It’s always been my inclination to speak to little kids as if they were 28 years old. That’s how I spoke to my sons when they were tykes. I simplified my words, of course, and spoke a bit more slowly. I always looked them right in the eye and shrugged my shoulders and behaved as if they were on an equal footing with me and vice versa. I tried to radiate calmness and coolness.

When I meet a kid I generally don’t flash one of those shit-eating, God-loves-you grins like Mr. Rogers did on “Mr. Rogers’ Neighborhood.” I figure that a 28 year-old in a small frame doesn’t need that patronizing nursery-school crap. I’m presuming they can smell that, the way adults behave when a kid is around. I can remember being three or four and vaguely resenting it when some older uncle or aunt or stranger would speak to me like Mr. Rogers did on the show, talking in a higher-pitched voice and smiling too broadly and leaning forward and blah blah.

Don’t get me wrong. I respect and admire Morgan Neville‘s Won’t You Be My Neighbor?, and I’m glad it’s already caught on with ticket buyers. (Since opening on 6.8 and in only 29 theatres, it’s made $1,691,704.) It’ll probably be nominated for a Best Feature Documentary Oscar, and I wouldn’t be surprised if it wins.

Do I think that the vibe of kindness and caring that the film radiates…do I think this special warmth, this dandelion pollen from Planet Rogers is what we all could use to de-toxify those awful, noxious Trump vibes? Can the spirit of Mr. Rogers reach out from behind the membrane and heal our country’s divisions?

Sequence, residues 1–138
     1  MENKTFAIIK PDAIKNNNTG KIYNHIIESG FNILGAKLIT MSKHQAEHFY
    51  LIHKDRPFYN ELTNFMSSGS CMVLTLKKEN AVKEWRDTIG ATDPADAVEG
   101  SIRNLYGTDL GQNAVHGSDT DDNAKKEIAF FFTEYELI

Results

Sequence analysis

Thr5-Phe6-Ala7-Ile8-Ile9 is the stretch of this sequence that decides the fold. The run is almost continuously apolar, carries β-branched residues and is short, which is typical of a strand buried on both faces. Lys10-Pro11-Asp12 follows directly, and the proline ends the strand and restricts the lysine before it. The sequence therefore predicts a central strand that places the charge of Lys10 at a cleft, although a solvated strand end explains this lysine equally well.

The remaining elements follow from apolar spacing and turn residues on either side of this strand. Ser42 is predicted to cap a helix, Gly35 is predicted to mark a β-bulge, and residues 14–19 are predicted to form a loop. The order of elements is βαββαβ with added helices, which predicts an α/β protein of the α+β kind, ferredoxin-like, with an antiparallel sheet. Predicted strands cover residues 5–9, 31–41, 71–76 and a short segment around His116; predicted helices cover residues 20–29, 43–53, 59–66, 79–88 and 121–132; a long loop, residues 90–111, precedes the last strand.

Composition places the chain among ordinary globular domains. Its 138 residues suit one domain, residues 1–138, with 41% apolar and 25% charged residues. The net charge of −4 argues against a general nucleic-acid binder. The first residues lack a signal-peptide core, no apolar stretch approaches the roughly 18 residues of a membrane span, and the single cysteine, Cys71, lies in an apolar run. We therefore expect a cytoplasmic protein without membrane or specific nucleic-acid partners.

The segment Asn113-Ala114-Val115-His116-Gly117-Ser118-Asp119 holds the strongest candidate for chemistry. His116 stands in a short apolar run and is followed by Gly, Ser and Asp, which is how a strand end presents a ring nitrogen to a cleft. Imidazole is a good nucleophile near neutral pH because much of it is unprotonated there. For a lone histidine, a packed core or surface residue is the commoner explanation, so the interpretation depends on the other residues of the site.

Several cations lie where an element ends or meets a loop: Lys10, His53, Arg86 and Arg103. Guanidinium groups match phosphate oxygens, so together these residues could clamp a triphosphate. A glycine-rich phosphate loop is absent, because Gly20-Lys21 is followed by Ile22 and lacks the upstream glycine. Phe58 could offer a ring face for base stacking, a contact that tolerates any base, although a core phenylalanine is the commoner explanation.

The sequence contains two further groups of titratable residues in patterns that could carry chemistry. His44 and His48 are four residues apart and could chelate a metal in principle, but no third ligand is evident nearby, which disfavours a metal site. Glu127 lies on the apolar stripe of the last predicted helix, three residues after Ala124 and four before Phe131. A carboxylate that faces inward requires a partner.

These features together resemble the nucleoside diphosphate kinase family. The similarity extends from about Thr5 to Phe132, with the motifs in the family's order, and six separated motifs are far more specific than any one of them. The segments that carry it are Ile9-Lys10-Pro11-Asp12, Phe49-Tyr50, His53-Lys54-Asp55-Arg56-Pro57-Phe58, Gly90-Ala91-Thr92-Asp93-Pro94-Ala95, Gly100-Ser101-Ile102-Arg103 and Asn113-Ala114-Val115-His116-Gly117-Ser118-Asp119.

Naahh. I think you could feed bowls of kindness and consideration and emotional caresses to Trump voters from now until doomsday and they’d still be clueless fucks. They’re damaged, deluded. Hell, many of them are racist ghouls. Redemption for folks of this sort is generally out of the question. I don’t want to listen to these monsters — I want to defeat them at the Battle of Gettysburg.

And speaking of Republicans, there’s something a tiny bit bothersome about the fact that Fred Rogers was one of them. I can’t shake this off. A lifelong Republican, I’ve read. Which meant what exactly? That he probably voted for Eisenhower and Nixon, probably believed in “traditional values”, probably approved of the Vietnam War, was probably skeptical of the anti-war left? You tell me.

Won’t You Be My Neighbor? is doing well, I suspect, because the little kids who loved Mr. Rogers 40 or 50 years ago are now in their 50s or 60s and are probably looking to re-experience that tenderness, those feelings, that kindly atmosphere. But I also suspect (this is just a guess) that this film is reaching only to 50-plus types. Okay, maybe to their kids or grandkids in some instances. It’s almost certainly not touching under-35 types. It’s an analog memory-lane thing.

From Owen Gleiberman’s Variety review: “To see Won’t You Be My Neighbor? is to be moved, in the end, to tears by the audacity of what Rogers incarnated: the belief that we stop listening to each other at our peril, and that the spirit of higher listening — of love — could be spread through the medium of television. Fred Rogers, in his way, was an activist (in one startling clip, we see him literally save public television with his testimony before Congress). But he was also a forward-thinking individual who says, in one unusually direct and serious interview clip, that it’s essential for us to make ‘goodness’ a foundation of ‘the so-called next millennium.’

“That’s the counterculture we need now. What he means, I think, is that if we don’t ratchet up the goodness, there may not be a next millennium.”

Owen, you’re dreaming. Or rather Mr. Rogers was, and watching this movie was like saying hello to this nice fella again, and it made you feel good. And that’s all. Leave it at that.